As a result of the change in media usage and subsequently the ROI of specific media channels, advertisers have begun to migrate their marketing budget increasingly towards Internet Marketing strategies. A study, conducted by Shar VanBoskirk, Vice President and Principal Analyst at Forrester Research revealed that of 208 marketers surveyed, 59 per cent are committed to allocating more and more marketing expenditure towards interactive marketing using the Internet as the main medium.[33]

Figure 2-3 Marketing Budget Forecast

illustration not visible in this excerpt

Source: Shar VanBoskirk, Forrester Marketer Survey: Interactive Taking Money From Traditional Media[34]

2.3 Consumer-Driven Market

As never before the Internet has given the online consumer a newfound power of choice and control of how and where to purchase. The ability to compare prices provided by the global online marketplace and to locate reviews of previous customer experiences on the Internet has fundamentally changed the marketing communication of a business with the consumer. People have become more “demanding, less loyal and less willing to forgive companies whose products and services do not meet their high standards”.[35]

As a consequence of market changes, the proliferation of e-Commerce websitesaround the world and the enthusiastic adoption by its consumers over a short period of time, marketers have been forced to redirect their focus towards online marketing strategies and away from traditional ones.[36]

2.4 The Power of Trust

An important driver of the online retail growth is that consumers were more trusting in spending their money online even without a physical shop front. However Nielsenstated in its latest consumer report that the majority of online shoppers preferred to stay loyal to the e-Retailer where they have purchased before and have had a positive experience.[37]

Another strong driver to locate trustworthy and satisfying shopping sites are personal recommendations by experienced online shoppers. Consequently it is essential to provide outstanding shopping experiences to previous online consumers as well as new ones, since it is the second-time customer who has been the major source of e-Retail recommendations. As Bruce Paul, Vice President of Customised Research for NielsenResearch stated: “If shopping sites can capture them early, and create a positive shopping experience, they will likely capture their loyalty and their money,”.[38]

One of the most influential forces of e-Commerce has been linked to the introduction of search engineslike Google, that isfrequently returning millions of search engine results, leaving it up to Internet users to decide which of the many web pages best match their needs. However, some studies have shown, that search engines have often been perceived as an expert device to find quality information. They represented the trust to judge the level of usefulness of information by listing the most relevant web pages at the top and the less relevant lower down. Inferring that a well-positioned page has been seen as quality brands and an authority in its market.[39]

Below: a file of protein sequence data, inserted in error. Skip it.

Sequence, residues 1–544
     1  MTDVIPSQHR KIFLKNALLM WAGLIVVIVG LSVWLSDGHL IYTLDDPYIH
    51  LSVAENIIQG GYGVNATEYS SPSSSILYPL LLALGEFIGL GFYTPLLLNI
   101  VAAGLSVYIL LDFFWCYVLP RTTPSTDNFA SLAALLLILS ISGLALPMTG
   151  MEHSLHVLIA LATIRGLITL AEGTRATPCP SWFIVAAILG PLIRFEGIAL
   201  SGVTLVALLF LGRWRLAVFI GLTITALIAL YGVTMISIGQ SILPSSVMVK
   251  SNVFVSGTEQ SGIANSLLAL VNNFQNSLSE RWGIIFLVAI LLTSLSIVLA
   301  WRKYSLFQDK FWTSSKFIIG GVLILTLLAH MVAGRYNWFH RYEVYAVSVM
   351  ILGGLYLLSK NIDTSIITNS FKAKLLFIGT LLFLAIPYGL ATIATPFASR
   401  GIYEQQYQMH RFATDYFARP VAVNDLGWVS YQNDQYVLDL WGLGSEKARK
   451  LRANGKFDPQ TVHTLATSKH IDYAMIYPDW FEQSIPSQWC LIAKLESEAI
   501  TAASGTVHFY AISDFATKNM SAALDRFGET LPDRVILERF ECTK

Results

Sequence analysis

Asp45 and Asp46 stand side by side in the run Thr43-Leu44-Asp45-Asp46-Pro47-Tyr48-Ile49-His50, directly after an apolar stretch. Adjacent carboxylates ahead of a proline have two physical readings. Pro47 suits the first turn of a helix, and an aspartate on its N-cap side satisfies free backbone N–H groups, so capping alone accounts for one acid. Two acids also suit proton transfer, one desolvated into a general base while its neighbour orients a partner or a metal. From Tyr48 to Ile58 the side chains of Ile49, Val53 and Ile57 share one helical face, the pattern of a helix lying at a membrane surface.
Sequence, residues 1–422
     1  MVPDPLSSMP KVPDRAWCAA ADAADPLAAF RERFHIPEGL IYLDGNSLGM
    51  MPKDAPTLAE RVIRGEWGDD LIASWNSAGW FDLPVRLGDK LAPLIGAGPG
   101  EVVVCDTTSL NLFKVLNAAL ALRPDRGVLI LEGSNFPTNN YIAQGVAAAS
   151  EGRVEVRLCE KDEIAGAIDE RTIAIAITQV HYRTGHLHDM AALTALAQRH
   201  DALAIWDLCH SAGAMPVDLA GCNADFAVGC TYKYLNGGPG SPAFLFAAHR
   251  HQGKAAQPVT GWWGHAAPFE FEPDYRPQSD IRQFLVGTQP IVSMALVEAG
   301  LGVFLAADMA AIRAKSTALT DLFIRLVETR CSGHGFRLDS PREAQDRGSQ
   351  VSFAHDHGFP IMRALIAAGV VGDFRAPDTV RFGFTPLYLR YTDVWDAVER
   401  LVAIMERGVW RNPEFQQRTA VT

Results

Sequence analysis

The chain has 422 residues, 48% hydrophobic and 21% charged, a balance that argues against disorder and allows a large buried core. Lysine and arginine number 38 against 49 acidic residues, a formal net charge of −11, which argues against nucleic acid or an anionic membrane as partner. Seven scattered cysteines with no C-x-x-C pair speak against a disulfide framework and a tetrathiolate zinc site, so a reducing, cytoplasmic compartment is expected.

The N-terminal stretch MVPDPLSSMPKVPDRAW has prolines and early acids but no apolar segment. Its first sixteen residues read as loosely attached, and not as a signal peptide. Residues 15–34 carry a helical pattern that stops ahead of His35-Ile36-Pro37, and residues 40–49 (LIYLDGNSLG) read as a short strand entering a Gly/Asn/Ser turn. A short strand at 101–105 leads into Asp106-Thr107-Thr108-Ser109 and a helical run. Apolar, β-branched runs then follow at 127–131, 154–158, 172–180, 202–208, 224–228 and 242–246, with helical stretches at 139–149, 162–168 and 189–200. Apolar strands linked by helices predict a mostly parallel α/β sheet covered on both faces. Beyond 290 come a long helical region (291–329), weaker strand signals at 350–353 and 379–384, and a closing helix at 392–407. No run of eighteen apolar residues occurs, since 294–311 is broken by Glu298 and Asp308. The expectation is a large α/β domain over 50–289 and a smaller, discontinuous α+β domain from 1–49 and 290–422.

2.5 Click-through behaviour in web searches

In correlation with the users’ confidence in search engine results, another study carried out by Amanda Spink and Bernard J. Jansen examined the Internet search behaviour in regards to the number of search result pages viewed at one given time. The study demonstrated that most search engine users rarely go beyond the first page of results[40], arguably implying that customers have been less critical and generally satisfied with the results given.[41]

The phenomenon of the high-level of trust towards search engines was examined in some additional research in which test subjects had a tendency to select well-positioned web pages even though the web pages had not been as relevant to the assignment than the ones further down the list.[42]

As an illustration, Frederick Marckini, Chief Executive Officer of iProspect, suggests that a low-ranked e-Commerce website is like “…a billboard in the woods. No one will find it”.[43]

3 Search Engines - “Gatekeeper of Cyberspace”

Search engineshave played a huge part in the development of the Internet and e-Commerce. One of the primary causes of the boost of web traffic[45] has been linked to the efforts of search engines in assisting Internet users to navigate their way through the Internet.[46] In pursuit of information, searchers place queries in one of numerous search engines, hoping to find relevant websites on the search engine result pages (SERPs). Integrated as part of society’s lifestyle, search engines have been executing an estimated 13.5 billion searches every month.[47][44]

3.1 Impact of Well-Ranked Websites

Since the Internet became such an important source for consumers the position of business-relevant SERPs often determine the success or failure of e-Commerce driven businesses.

David Viney has illustrated the impact of certain search engine positions as follows:

Imagine the web is one giant city with stores scattered through it. Having your site in the top 10 is like having your store right on Main Street or near the entrance of the largest shopping mall in human history. Being outside the top 20 is like having a corner store on the very outskirts of town. Your footfall in a major mall is massive, with people coming in and out of your store all the time. On the web, a top position on Google has just the same effect.[48]

A study was carried out by Oneupwebcomparing the changes of new visitors (web traffic) and the conversion rateaccording to the search result placement position of an average website. After the test website appeared one month in the first SERPthe amount of new visitors more than tripled. Additionally the conversion rate (the percentage of visitors who took a desired action like purchase or sent inquiry) increased significantly by 42 per cent.[49]